The 701cc Svartpilen is a clever blend of street-tracker and scrambler powered by a single-cylinder motor from the KTM 690 Duke, by Husqvarna’s parent company
Mention the Husqvarna Group and most people might think of lawn equipment or even sewing machines. However, anyone with a dirt bike in their garage will know the colorful past that Husqvarna has had over 50 years in international enduro, motocross and supermoto competition.
In the 1960s, the lightweight, two-stroke, off-road bikes from Sweden helped push the once-dominant British four-stroke competition bikes into history.
Since 2016, Husky has become more active in the street bike arena with its 401 cc and 701 cc single cylinders.
The 2020 701cc Svartpilen (“Black Arrow”) is a clever marketing blend of street tracker and scrambler. It is powered by an over-square 692 cc single LC4 (liquid-cooled four-stroke) motor from the KTM 690 Duke, by Husqvarna’s parent company. The big, 75-horsepower four-valve single is boisterous and high-spirited. Much of the vibration common to one-lung bikes is quelled by balancers on the crank and the cam, making vibrations pleasant enough around town.
The company cites 53 foot-pounds of torque at 6,800 rpm, which is strong and wide, even in low rpms. Pulling hard out of corners in second and third gear is great fun and makes the technical canyon twists addictive. Freeway pace is easily maintained and the bike is lit well for dark freeway visibility.
The cockpit sits well for my 6-foot frame and the one-piece, upright bars have a good “pull-back.” Foot pegs are well-placed, neither racer-rear nor cruiser-forward. Controls fall to hand easily. The ride-by-wire throttle functions smoothly and avoids much of the snatchiness common to some similar arrangements. The slipper clutch is a joy as is the quick shifter for fast work. The seat is firm but not hard.
The mirrors are positioned well, but at high revs the twin balancers struggle and eventually alienate the mirrors at freeway pace. Nighttime mirror use is particularly difficult. I always knew something was behind me but identification was indistinct.
The instrument cluster is awkward. It was often hard to read in daylight and the orientation of data was difficult to discern at a glance. The circular display seems more of an added-on design statement, but the bike needs better.
The tubular trellis frame design is common to all the LC4 Husqvarnas, in which the motor is a stressed-member. The chrome-moly frame is tough enough to resist fore and aft flex as well as torsional twist; all good things on a motorcycle, plus a trellis-frame is more attractive to my eye.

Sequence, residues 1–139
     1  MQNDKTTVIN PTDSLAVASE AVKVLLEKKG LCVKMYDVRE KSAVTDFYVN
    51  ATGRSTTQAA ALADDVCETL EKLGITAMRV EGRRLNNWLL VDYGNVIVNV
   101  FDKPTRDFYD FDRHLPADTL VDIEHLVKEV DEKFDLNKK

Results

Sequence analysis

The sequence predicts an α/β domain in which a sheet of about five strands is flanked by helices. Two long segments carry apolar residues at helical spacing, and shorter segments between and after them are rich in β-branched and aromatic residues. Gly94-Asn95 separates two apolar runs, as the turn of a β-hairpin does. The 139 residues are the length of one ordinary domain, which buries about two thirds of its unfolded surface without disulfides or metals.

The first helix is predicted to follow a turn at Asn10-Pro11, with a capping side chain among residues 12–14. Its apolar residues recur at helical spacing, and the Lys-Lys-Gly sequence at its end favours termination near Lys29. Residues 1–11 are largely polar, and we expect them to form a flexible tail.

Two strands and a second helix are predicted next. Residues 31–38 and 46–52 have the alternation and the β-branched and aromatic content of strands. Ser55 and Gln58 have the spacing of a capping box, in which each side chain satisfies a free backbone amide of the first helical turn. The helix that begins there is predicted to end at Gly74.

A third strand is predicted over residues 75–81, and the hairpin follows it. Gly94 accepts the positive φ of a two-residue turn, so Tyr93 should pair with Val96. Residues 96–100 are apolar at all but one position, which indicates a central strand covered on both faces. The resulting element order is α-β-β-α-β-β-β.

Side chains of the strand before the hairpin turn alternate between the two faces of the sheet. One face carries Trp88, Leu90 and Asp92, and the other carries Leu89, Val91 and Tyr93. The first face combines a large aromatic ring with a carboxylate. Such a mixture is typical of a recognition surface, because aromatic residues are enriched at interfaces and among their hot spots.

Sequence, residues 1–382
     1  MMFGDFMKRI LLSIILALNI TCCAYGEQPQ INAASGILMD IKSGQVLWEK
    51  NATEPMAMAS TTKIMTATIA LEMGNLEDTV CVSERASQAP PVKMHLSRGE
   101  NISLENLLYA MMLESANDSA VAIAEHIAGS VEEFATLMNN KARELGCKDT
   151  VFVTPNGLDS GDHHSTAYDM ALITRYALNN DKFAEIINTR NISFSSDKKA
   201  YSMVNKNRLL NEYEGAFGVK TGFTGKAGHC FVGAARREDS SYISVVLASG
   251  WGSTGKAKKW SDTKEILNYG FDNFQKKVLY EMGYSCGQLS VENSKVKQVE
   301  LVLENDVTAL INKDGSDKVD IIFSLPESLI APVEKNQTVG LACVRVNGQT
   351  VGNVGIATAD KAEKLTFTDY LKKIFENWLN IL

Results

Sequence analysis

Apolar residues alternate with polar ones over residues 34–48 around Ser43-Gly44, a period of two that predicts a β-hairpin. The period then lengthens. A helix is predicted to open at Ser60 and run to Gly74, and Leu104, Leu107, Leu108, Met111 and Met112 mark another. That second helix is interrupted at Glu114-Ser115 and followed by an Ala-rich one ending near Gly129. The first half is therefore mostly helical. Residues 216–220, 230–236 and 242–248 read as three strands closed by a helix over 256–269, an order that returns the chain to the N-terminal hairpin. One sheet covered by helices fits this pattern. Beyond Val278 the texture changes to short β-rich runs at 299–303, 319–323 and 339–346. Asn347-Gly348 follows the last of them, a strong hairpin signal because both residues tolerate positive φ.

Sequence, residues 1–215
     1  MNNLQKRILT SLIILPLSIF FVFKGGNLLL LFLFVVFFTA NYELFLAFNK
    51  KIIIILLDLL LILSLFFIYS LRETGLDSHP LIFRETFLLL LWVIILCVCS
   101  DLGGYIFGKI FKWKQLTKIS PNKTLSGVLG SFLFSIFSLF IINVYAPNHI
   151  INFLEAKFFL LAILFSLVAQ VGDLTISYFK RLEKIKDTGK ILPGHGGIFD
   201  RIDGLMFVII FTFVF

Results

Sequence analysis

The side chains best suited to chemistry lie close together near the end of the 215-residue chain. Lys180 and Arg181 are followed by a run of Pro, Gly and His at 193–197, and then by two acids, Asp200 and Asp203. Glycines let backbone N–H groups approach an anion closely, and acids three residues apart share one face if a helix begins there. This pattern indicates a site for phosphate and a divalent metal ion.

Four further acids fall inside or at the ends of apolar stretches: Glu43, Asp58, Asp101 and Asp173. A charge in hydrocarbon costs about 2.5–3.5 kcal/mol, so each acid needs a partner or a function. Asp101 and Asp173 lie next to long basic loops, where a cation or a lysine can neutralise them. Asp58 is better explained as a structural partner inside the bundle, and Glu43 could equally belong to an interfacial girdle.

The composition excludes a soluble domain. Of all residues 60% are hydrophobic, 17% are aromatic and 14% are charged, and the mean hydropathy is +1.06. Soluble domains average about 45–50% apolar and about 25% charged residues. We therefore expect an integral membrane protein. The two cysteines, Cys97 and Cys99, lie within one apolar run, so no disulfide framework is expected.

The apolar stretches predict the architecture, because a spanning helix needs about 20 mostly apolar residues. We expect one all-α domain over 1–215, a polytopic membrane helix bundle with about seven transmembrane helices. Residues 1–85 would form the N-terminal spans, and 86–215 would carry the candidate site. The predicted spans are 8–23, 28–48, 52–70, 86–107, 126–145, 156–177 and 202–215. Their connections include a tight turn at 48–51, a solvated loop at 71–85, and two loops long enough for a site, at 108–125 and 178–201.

The block-tread Pirelli MT 60 RS tires (110/80R 18 inches front and a 160/60R 17-inches rear) are mounted on spoked rims. The chunky rubber might look to be squirmy on pavement, but I did not experience negative performance at my pace. Suspension is fully adjustable with 5.9 inches of travel. And the Brembo brakes, with ABS, worked superbly on this midweight bike. Traction control is switchable; however, rear ABS is not, which seems like an oversight for those who like to slide the rear wheel in correct conditions.
Hustling the bike through canyon pavement is a hoot. First gear is short-legged, but twisting the right grip in second and third gear shows the wide torque band the big bore LC4 has on a 347-pound motorcycle. Grabbing a handful always made me smile. It’s nimble and narrow for city work and splitting the freeway clutter. The seat height is high at 32 inches so visibility over the bars is good.
The 3.2-gallon fuel tank gives adequate distance and the on-board computer indicated claimed fuel use in the low 40 mpgs, but I got better than that on 100-mile day trips.
As far as appearance, the bike doesn’t fit the average sport bike design. The tank, with its pontoon-like bulges, takes some time to appreciate. Rear-wheel mounted “mud guard” license plate and taillight mounts are becoming more common on new bikes but they bother my eye. And the ducktail rear section is a thinly cushioned passenger perch that looks and sits spartan and severe.
The local Husqvarna shop quotes a retail price of $9,499, (down more than a grand from 2019.). Add the dealer prep and setup for an as-tested price of $11,542.
Motorcycles are the ideal opportunity these days for social-distancing recreation.